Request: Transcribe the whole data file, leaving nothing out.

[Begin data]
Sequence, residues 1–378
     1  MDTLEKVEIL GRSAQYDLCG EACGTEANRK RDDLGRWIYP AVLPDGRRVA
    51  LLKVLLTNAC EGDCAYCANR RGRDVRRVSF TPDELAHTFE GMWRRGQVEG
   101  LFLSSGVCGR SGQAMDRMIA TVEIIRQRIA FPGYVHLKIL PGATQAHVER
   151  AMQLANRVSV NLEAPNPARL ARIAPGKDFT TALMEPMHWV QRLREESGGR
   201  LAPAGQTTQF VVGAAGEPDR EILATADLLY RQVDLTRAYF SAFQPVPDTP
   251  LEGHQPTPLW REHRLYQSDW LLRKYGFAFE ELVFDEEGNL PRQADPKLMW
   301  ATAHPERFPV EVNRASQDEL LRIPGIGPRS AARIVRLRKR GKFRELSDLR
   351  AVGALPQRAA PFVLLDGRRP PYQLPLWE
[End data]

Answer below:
Sequence, residues 1–378
     1  MDTLEKVEIL GRSAQYDLCG EACGTEANRK RDDLGRWIYP AVLPDGRRVA
    51  LLKVLLTNAC EGDCAYCANR RGRDVRRVSF TPDELAHTFE GMWRRGQVEG
   101  LFLSSGVCGR SGQAMDRMIA TVEIIRQRIA FPGYVHLKIL PGATQAHVER
   151  AMQLANRVSV NLEAPNPARL ARIAPGKDFT TALMEPMHWV QRLREESGGR
   201  LAPAGQTTQF VVGAAGEPDR EILATADLLY RQVDLTRAYF SAFQPVPDTP
   251  LEGHQPTPLW REHRLYQSDW LLRKYGFAFE ELVFDEEGNL PRQADPKLMW
   301  ATAHPERFPV EVNRASQDEL LRIPGIGPRS AARIVRLRKR GKFRELSDLR
   351  AVGALPQRAA PFVLLDGRRP PYQLPLWE